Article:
Send to

Choose Destination
See comment in PubMed Commons below
Int Immunopharmacol. 2012 May;13(1):101-8. doi: 10.1016/j.intimp.2012.03.010. Epub 2012 Mar 28.

Inhalation of sulfur mustard causes long-term T cell-dependent inflammation: possible role of Th17 cells in chronic lung pathology.

Author information

Lovelace CounterACT Research Center of Excellence, Lovelace Respiratory Research Institute, 2425 Ridgecrest Dr. SE, Albuquerque, NM 87108, USA.


Sulfur mustard (SM) is a highly toxic chemical warfare agent that remains a threat to human health. The immediate symptoms of pulmonary distress may develop into chronic lung injury characterized by progressive lung fibrosis, the major cause of morbidity among the surviving SM victims. Although SM has been intensely investigated, little is known about the mechanism(s) by which SM induces chronic lung pathology. Increasing evidence suggests that IL-17(+) cells are critical in fibrosis, including lung fibrotic diseases. In this study we exposed F344 rats and cynomolgus monkeys to SM via inhalation and determined the molecular and cellular milieu in their lungs at various times after SM exposure. In rats, SM induced a burst of pro-inflammatory cytokines/chemokines within 72 h, including IL-1β, TNF-α, IL-2, IL-6, CCL2, CCL3, CCL11, and CXCL1 that was associated with neutrophilic infiltration into the lung. At 2 wks and beyond (chronic phase), lymphocytic infiltration and continued elevated expression of cytokines/chemokines were sustained. TGF-β, which was undetectable in the acute phase, was strongly upregulated in the chronic phase; these conditions persisted until the animals were sacrificed. The chronic phase was also associated with myofibroblast proliferation, collagen deposition, and presence of IL-17(+) cells. At ≥30 days, SM inhalation promoted the accumulation of IL-17(+) cells in the inflamed areas of monkey lungs. Thus, SM inhalation causes acute and chronic inflammatory responses; the latter is characterized by the presence of TGF-β, fibrosis, and IL-17(+) cells in the lung. IL-17(+) cells likely play an important role in the pathogenesis of SM-induced lung injury.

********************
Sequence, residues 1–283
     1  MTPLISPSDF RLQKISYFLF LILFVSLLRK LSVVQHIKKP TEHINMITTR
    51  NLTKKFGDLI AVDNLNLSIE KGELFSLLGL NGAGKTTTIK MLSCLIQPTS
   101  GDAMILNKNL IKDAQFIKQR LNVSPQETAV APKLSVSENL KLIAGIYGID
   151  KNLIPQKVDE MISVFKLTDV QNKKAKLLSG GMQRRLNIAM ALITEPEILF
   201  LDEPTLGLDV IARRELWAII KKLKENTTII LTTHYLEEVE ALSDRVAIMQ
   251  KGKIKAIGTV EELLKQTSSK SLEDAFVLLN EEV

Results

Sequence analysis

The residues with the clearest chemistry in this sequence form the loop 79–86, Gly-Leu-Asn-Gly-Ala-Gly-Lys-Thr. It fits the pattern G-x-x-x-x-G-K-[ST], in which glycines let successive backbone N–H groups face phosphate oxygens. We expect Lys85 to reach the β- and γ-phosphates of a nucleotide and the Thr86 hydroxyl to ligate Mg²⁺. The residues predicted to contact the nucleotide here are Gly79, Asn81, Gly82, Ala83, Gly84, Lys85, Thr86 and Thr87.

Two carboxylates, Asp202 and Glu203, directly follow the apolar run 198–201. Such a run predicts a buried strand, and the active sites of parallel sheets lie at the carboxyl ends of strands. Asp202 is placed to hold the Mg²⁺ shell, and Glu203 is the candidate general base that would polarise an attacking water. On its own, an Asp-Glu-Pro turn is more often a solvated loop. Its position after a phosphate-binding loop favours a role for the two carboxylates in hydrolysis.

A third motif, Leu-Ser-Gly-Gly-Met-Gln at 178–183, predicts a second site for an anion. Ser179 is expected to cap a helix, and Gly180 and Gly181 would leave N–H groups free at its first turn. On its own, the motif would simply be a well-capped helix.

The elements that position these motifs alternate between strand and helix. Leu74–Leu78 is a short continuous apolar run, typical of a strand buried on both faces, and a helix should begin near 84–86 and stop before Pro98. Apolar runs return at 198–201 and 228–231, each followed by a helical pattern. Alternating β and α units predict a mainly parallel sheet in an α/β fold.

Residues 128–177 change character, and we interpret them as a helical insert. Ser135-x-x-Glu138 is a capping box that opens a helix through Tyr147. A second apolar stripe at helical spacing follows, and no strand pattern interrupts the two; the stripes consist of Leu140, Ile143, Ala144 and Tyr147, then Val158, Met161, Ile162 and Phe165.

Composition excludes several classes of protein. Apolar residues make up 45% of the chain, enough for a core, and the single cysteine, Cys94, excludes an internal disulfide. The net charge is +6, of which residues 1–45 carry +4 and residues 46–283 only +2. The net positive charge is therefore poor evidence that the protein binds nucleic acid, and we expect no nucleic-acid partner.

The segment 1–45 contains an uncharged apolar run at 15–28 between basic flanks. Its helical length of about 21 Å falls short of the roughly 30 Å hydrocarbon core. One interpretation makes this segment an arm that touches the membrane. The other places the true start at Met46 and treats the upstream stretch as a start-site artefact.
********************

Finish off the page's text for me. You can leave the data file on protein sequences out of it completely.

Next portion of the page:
[Indexed for MEDLINE]
Free PMC Article
PubMed Commons home

PubMed Commons

How to join PubMed Commons

    Supplemental Content

    Full text links

    Icon for Elsevier Science Icon for PubMed Central
    Loading ...
    Support Center